Indeed. Someone has to uphold society's common interests. Often, people will be against regulation from a "pro-business" perspective, but without regulation the costs of selfish business interests are incurred by the state, and it's not unreasonable for the state to insist that such costs are minimised or even transferred to those who benefit from the affected markets.
"From a raw economic point of view, there was no 'net' benefit there - we wasted resources in developing and manufacturing less polluting cars that could have been placed elsewhere - but I think most people do accept that they want less smoggy cities."
I once had an argument with someone who claimed that road/car taxes should only be spent on maintaining and building roads. That's another example of someone not seeing the bigger picture.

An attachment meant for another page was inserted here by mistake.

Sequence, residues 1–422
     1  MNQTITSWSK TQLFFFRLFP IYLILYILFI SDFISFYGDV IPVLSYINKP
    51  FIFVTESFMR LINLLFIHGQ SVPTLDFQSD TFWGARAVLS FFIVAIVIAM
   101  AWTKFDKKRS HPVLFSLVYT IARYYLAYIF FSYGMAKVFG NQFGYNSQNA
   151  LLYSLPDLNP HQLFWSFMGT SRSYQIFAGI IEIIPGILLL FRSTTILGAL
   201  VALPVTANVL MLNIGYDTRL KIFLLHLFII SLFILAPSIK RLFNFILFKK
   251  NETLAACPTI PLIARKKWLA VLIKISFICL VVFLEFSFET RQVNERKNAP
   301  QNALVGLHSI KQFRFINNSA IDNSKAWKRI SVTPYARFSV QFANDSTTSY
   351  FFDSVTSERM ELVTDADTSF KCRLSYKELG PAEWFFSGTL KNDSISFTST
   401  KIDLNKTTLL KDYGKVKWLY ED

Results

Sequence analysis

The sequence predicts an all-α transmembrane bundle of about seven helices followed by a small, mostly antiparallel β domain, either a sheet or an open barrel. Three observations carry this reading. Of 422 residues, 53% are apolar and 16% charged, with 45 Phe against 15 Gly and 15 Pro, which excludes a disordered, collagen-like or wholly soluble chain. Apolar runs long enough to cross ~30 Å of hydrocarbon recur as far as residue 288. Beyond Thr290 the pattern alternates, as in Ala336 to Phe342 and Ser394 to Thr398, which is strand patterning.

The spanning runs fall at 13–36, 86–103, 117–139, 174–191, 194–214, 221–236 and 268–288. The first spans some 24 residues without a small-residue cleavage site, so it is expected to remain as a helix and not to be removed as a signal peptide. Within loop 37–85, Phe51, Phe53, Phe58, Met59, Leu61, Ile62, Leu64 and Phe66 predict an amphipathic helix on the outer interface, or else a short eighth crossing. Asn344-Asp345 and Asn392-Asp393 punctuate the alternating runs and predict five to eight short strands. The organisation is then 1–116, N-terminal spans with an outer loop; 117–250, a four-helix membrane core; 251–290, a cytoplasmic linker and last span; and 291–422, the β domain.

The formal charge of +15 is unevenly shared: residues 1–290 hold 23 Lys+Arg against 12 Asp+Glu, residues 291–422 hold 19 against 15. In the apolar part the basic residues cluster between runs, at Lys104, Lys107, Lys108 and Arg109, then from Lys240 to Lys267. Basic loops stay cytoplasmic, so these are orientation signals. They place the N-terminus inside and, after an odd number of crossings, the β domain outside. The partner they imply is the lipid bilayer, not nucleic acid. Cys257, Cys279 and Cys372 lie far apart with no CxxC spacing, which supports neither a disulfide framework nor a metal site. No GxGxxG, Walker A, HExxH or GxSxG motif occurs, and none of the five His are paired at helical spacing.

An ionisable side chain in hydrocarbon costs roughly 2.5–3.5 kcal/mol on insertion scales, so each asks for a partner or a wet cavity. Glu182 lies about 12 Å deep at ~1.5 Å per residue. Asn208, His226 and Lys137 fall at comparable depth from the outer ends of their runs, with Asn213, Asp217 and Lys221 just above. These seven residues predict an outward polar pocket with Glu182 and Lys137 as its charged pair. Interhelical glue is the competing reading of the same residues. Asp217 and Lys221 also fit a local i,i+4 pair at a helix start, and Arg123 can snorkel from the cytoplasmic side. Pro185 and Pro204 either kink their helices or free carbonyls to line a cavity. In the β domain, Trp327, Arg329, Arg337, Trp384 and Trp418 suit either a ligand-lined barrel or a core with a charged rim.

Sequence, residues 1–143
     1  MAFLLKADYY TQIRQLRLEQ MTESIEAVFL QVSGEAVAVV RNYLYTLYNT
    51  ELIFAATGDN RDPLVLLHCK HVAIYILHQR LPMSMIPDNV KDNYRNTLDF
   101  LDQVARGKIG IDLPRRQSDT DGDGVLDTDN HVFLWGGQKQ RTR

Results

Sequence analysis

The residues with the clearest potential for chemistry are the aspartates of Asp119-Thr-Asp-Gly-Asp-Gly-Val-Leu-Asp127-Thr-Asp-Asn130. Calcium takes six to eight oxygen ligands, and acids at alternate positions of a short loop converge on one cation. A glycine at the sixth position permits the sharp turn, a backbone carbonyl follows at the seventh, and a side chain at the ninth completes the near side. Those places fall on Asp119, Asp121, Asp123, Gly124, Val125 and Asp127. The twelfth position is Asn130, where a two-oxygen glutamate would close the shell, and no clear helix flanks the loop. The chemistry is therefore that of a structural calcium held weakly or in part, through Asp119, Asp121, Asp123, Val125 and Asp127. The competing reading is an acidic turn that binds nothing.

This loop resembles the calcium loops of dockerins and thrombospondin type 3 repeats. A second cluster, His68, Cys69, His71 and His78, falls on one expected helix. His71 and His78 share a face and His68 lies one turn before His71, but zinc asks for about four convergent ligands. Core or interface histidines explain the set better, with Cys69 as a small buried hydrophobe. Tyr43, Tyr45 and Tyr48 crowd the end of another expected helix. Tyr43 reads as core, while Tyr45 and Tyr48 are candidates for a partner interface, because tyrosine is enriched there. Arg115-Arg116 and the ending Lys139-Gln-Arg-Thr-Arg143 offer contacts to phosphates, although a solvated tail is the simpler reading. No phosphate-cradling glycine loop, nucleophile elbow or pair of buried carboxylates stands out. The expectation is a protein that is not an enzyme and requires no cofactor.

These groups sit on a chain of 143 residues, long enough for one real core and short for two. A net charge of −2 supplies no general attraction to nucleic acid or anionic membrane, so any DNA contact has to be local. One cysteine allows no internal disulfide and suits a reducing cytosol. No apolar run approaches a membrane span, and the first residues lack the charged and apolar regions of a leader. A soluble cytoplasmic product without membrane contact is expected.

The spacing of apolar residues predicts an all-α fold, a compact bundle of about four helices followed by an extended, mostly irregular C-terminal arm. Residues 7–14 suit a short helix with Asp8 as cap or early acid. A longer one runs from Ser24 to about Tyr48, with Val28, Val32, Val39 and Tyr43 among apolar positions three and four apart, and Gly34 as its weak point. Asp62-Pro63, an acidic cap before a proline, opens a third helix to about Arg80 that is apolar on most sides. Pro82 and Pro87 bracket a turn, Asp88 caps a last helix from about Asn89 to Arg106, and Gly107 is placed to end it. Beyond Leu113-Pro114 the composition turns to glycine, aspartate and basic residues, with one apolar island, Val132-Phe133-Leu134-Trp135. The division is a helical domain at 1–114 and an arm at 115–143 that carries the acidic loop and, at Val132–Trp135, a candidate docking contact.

..they invented them of course. it sounds good as a news blurb and they'll never be held to account for them when they don't materialise.
I work for a certain "ministry" so i am well aware of exactly how little effort went into this announcement. Mr Brown is trying to look good in front of his posh visitors but knows that he has zero chance of getting re-elected so he can come out with any old rubbish really, no matter how big the credibility gap.
Please don't vote this lot in again they make us do the same work five times over and then shout at us because we did what they told us to do. vote LibDem cos Vince Cable knows how to use a computator!
"Apparently 400,000 new "environmental sector" jobs will be created by 2017 according to Gordon Brown - But what are these jobs and how did he get that number?"